There are mounting concerns the UK’s scheme gives rise to abuse
Despite claims from home secretary Suella Braverman this week that Britain can pick its own fruit simply by training people, the industry is less than reassured. Instead, it points to the labour shortage that saw at least £60m worth of fruit wasted last year as its case for quite the opposite: a robust seasonal worker scheme in fresh produce.
At least the government has bolstered the quota early for 2024, announcing its continuation with 45,000 workers. But there are mounting concerns it is an incubator for abuse.
In 2021, up to 80% of workers hired under the scheme were from Ukraine, Russia and Belarus, but last year it hired from more than 60 countries, creating an unwieldy supply chain exposed to exploitation.
So, with this year’s seasonal workers beginning to arrive, what are the threats they face? And what can be done?
Speaking at a recent House of Lords Horticultural Sector Committee meeting, experts made a powerful case for streamlining the number of countries eligible, in order to improve oversight.
Canada’s scheme recruits workers from 12 countries, and this “narrowing” allows its government to better oversee the process and establish clear protections through standardised contracts, says human rights consultant Caroline Robinson.
Workers can be exposed to abuse through low pay and debt, and it is argued streamlining would reduce the scope for illegal third parties to con applicants into paying hefty charges beyond the official application fee. Some workers accrue over £3,000 of debt, says Kate Roberts, head of policy at Focus on Labour Exploitation (Flex).
“There is a need for labour but the work is not reliable so there are several factors which are coming together to create this risk,” Roberts adds.
Uncertainty around work levels led to contracts being terminated before the end of workers’ visas last year, leaving some unemployed, says Robinson.
The burden of debt for workers could be lessened through “spreading those costs” through the supply chain, says Roberts, and “ensuring there is enough flexibility that workers can go where there is work”.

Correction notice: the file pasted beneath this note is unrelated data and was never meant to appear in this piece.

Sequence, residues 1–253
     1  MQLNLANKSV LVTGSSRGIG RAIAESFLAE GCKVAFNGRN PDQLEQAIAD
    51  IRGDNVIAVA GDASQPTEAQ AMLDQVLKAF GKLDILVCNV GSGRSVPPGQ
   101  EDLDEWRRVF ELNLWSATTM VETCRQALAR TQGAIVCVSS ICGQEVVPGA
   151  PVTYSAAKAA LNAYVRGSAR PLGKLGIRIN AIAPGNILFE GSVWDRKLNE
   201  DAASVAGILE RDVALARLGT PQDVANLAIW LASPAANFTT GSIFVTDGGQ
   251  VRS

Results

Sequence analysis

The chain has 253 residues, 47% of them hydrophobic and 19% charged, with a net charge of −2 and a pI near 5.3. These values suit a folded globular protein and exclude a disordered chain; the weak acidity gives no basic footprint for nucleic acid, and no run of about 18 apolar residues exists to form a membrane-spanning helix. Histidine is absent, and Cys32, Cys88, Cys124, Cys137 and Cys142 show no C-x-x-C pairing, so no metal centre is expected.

Adis Sehic, policy and research officer at Work Rights Centre, suggests reducing the official application fee from £259 to something more in line with the processing cost of £129, removing the hefty 100% profit.
Conditions on the ground for workers are also a concern, since “enforcement of standards has not been a major focus of our scheme”, says Robinson.
Interim findings from Flex suggested only 73% of workers had access to a working toilet, only 39% felt safe in their accommodation and 28% did not know where to get help.
“Just having clarity within the scheme for workers – of who is responsible and what will happen if the unexpected happens – would do a huge amount to help,” says Roberts.
A further lesson could be taken from the Canadian scheme in the adoption of temporary permits, used to help workers leave abusive sites, says Robinson. The short-term visa allows workers to move quickly, thereby offering them some protection and stability.
The government’s proposed solution, of a dedicated enforcement body, is also much needed, says Roberts, since currently “it is very unclear” with which body responsibilities lie.
Not only that, but thanks to a lack of data, there is not even a clear picture of the scale of the problem to be addressed. The results of 2020 and 2021 worker surveys are still to be published.
Even when they are, the reports will represent the tip of an iceberg, the expert panel at the Horticultural Sector Committee meeting argued.
After all, as Sehic says, how can exploitation be removed from the scheme “if we don’t understand the true scale of exploitation under the scheme?”